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22 Stories ­nderground: Iron Mountain's Experimental Room 48


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Down a road that winds through the rolling hills of western Pennsylvania, just across from a cow pasture, the bucolic scenery of Butler County is interrupted by a high chain-link fence topped with razor wire.

Cars entering the compound are channeled into gated lanes before being searched by a guard. A short distance beyond the security point, the road disappears into a gaping hole in a cliff face. The hole is sealed off by the thick, steel bars of a tall sliding gate controlled by guards carrying semiautomatic pistols. They are protecting a 25-foot-high passage that leads 22 stories down to Iron Mountain's main archive facility, which takes up 145 acres of a 1,000-acre abandoned limestone mine.

Among dozens of red steel doors inserted in the rock face along corridors that create an elaborate subterranean honeycomb, you'll find Room 48, an experiment in data center energy efficiency. Open for just six months, the room is used by Iron Mountain to discover the best way to use geothermal conditions and engineering designs to establish the perfect environment for electronic documents.

Room 48 is also being used to devise a geothermal-based environment that can be tapped to create efficient, low-cost data centers. (For information on more companies using geothermal conditions to improve data center efficiency, see "Riding the geothermal wave.")

There is no raised floor in Room 48. Instead, networking wires are suspended above rows of server racks and cooled both by the limestone walls and vents attached to ceiling-mounted red spiral ducts 36 inches in diameter. The HVAC system uses the cool water of an underground lake hundreds of acres in size.

Outside light is beamed into the main aisle of the room through a long ceiling tube to reduce heat. Rows of server racks are encased in rectangular metal containers that trap electrical heat and force it up through perforated ceiling tiles, allowing the 55-degree limestone roof to absorb heat that otherwise would build up in the 4,100-square-foot room.

"Limestone can absorb 1.5 BTUs per square foot," Charles Doughty, the vice president of engineering at Iron Mountain, said during a recent tour of the facility by Computerworld. Facts on molecular chemistry and mineral properties roll off 61-year-old Doughty's tongue. He has worked as a technologist and archivist in the tunnels of the one-time mine for 37 years, studying thermodynamics in an ever-evolving effort to create the perfect environment for storing paper and electronic records.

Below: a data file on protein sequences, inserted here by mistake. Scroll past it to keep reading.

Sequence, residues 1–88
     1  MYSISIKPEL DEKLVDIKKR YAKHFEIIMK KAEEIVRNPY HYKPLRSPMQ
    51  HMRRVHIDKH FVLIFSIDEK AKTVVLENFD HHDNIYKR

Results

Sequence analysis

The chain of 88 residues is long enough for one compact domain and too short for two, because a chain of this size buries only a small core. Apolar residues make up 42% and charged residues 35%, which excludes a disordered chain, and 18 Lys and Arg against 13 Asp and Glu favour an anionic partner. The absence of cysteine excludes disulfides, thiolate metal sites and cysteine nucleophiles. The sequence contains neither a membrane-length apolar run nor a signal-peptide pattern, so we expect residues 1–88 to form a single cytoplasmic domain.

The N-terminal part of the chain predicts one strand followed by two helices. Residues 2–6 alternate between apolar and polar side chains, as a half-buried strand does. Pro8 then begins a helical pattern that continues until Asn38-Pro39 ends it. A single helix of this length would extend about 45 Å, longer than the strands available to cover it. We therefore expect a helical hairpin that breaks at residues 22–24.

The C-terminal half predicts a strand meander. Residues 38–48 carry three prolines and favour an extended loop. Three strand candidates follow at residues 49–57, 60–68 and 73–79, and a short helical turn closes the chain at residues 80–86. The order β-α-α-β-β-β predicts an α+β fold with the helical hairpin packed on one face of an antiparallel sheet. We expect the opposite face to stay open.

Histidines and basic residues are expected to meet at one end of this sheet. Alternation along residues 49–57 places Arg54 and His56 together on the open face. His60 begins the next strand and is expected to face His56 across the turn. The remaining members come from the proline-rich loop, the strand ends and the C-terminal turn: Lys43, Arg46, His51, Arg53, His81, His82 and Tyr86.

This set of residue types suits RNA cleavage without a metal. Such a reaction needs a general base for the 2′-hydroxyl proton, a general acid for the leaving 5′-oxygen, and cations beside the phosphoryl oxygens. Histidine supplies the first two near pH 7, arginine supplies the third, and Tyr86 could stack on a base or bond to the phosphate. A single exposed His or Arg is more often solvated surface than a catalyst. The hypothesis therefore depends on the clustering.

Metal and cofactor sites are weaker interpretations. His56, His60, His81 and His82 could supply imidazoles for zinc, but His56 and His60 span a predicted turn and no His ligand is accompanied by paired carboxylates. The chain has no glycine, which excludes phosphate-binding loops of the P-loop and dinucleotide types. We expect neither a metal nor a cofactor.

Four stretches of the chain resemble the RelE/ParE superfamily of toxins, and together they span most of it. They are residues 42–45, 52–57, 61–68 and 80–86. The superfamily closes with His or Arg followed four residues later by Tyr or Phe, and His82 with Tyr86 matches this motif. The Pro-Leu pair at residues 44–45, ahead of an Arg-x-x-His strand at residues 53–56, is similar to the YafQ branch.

Doughty's underground office is adorned with dark wood furniture that's upholstered in the type of rich leather befitting his executive status. The furniture and carpeted floors contrast sharply with a rough-hewn wall of prehistoric rock. The office sits just off a larger room filled with cubicles that also butt up against rock walls, which are painted white to better reflect light and suppress any limestone dust.

The Underground, as the mine is called by employees, has its own cafe and a fire department with three engines. Like the other 2,700 workers here, Doughty traverses miles of roadways and tunnels in golf carts. Iron Mountain employs just 155 people in The Underground, the rest work for companies renting space in the facility.

An endurance kayaker who owns a working 30-acre farm and is training for an iron-man competition, Doughty is an idea man in a subterranean environment. He calls it "the best job in the world. I only get to create ideas. Other people do the work to make it happen. "

Four hundred million years ago, a teeming ocean covered this area. And during a 100-million-year period, billions of tiny crustaceans died, their skeletons settling to the ocean floor, fossilizing and creating layer upon layer of limestone.

In 1902, U.S. Steel began blasting out that limestone for use in the production of metal for skyscrapers, railways and the rest of the nation's booming infrastructure. By 1950, U.S. Steel ceased mining operations and began using the man-made caverns to protect its corporate records from the Cold War-era threat of atomic bombs. The company quickly saw a business opportunity in renting out mine space to other companies and to the U.S. government for vital-records archiving. Thus was born in 1954 the National Storage Company.

More than four decades later, in 1998, it was bought by Iron Mountain, which had itself started under similar circumstances in an iron ore mine in upstate New York. There, in 1951, Herman Knaust opened the Iron Mountain Atomic Storage Corp. 

From Computerworld
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